Kidney Stone Center
The Kidney Stone Center at Children’s Hospital Boston is focused on the treatment and prevention of kidney stones in the pediatric population.
In our clinic, children are seen by a pediatric urologist and a pediatric nephrologist for a physical examination and discussion of their health. This discussion includes a detailed review of the child’s diet and fluid intake.
During this time, several tests may be also be performed, such as:
- urine analysis to assess for factors that contribute to stone formation, such as increased levels of calcium in the urine.
- blood tests that look for other risk factors, such as rare inherited disorders that can lead to kidney stones.
- chemical analysis (if the stone has passed or has been removed) to identify the type of stone. This can provide important clues about why it formed and how to prevent it from reoccurring.
Ultrasound is our first imaging choice since there’s no risk radiation exposure. However, if the ultrasound is inconclusive, a computed tomography (CT) scan will be performed. A CT scan uses x-rays to create images for the child’s urinary tract.
Once these tests are completed, you and your child will be asked to return for a follow-up appointment. During the follow-up appointment, our team of doctors will meet with you to review the tests results and discuss a treatment plan.
Treatment is determined based on the size, location, number and composition of the stone(s). Children have a better ability to pass stones as compared to adults. In many cases, their stones can pass spontaneously without any surgical treatment. When it does become necessary for the stones to be removed,we use noninvasive or minimally invasive surgical techniques such as extracorporeal shock wave lithotripsy (ESWL) and ureteroscopy. Less often, we will do percutaneous nephrostomy, a more invasive procedure for stones that are too big to be treated ureterosocpically.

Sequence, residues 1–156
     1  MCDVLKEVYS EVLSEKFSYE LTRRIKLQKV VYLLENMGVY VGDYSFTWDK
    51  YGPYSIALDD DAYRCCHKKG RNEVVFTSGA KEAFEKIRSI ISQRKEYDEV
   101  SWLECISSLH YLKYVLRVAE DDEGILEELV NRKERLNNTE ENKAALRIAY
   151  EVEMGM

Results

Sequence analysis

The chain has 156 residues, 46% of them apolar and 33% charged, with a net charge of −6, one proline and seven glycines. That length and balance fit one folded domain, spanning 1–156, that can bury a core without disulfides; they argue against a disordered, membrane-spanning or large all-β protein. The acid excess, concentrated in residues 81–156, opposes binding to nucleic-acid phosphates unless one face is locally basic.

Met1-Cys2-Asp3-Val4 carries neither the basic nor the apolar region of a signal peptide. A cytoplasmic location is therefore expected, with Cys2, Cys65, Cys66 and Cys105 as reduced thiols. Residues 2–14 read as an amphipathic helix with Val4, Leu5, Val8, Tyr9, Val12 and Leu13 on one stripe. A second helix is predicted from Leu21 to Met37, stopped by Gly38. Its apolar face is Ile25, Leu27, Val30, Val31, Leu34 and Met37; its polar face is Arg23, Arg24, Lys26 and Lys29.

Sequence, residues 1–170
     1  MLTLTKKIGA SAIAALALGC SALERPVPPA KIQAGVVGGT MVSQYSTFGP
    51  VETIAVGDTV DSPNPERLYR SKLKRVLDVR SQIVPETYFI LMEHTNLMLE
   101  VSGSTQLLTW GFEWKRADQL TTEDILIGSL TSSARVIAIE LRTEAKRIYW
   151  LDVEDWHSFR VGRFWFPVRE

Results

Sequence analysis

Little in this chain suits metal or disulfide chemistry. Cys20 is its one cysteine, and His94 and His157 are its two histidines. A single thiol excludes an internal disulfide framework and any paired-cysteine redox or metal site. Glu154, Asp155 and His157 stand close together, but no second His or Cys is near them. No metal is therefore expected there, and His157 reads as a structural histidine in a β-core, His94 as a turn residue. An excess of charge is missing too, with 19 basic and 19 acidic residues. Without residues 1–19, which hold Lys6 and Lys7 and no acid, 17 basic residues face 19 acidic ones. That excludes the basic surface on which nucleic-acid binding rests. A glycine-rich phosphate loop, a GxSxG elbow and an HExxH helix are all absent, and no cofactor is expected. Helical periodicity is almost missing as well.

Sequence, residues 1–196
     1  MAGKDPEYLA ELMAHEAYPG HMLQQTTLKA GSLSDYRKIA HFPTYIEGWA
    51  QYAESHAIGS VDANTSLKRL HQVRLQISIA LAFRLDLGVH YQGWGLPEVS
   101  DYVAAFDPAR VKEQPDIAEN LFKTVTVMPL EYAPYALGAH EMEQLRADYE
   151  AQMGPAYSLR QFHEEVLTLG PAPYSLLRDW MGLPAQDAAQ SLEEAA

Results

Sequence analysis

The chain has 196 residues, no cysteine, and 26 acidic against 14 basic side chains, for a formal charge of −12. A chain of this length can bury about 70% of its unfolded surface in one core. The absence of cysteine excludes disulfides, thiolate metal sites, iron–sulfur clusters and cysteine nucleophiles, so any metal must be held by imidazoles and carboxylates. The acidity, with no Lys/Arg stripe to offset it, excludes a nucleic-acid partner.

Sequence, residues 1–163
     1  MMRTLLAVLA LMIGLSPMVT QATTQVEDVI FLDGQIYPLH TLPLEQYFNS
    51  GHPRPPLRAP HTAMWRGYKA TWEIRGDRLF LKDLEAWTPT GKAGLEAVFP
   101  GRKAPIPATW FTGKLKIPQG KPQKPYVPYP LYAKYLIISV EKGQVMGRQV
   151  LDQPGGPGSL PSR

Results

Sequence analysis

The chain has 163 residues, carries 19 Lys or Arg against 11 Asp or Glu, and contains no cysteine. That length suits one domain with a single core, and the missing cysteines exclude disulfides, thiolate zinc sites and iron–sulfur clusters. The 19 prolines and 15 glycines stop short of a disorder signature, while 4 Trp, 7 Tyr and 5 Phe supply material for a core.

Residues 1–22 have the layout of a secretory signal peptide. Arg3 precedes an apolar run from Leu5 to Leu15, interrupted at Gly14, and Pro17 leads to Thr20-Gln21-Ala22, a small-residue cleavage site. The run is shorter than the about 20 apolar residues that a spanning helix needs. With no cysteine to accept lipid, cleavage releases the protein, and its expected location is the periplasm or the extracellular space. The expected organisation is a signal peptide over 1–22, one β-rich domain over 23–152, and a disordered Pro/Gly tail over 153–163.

Once the evaluation and treatment of the stone is complete, we will typically see the child twice a year to assess fluid intake, monitor symptoms and do follow-up urine and blood tests. We check for the development of new stones by follow-up ultrasounds.
Prevention is also a critical part of treatment. Not infrequently, a metabolic abnormality can be identified and treated with medication and dietary changes. Every child is prescribed a long-term preventative treatment plan that involves a high fluid intake and a no added salt diet. With regular follow-up and adherence to the established plan, it is our goal to reduce or prevent stone reoccurrence.
Children's urologists and nephrologists have compiled this list of tips to help you decrease your child's chances of developing kidney stones and preventing their recurrence:
- Encourage your child to drink plenty of water, not only when they are thirsty, but through the day. Keeping hydrated is extremely important!
- Avoid salty foods like chips, French fries, processed meats, canned soups, prepackaged meals and high-fat items. To cut salt intake, leave the saltshaker off the kitchen table and do not add salt to food while cooking.
- Focus on providing a healthy diet high in fruits and vegetables, and be sure to include the recommended daily allowance of protein, calcium and vitamin D.
- Exercise, exercise, exercise! Although fit children can develop kidney stones, many experts believe obesity may be related to higher rates. Make sure your child keeps hydrated while exercising.
- If there is a family history of kidney stones, pay extra attention to diet, exercise and water consumption.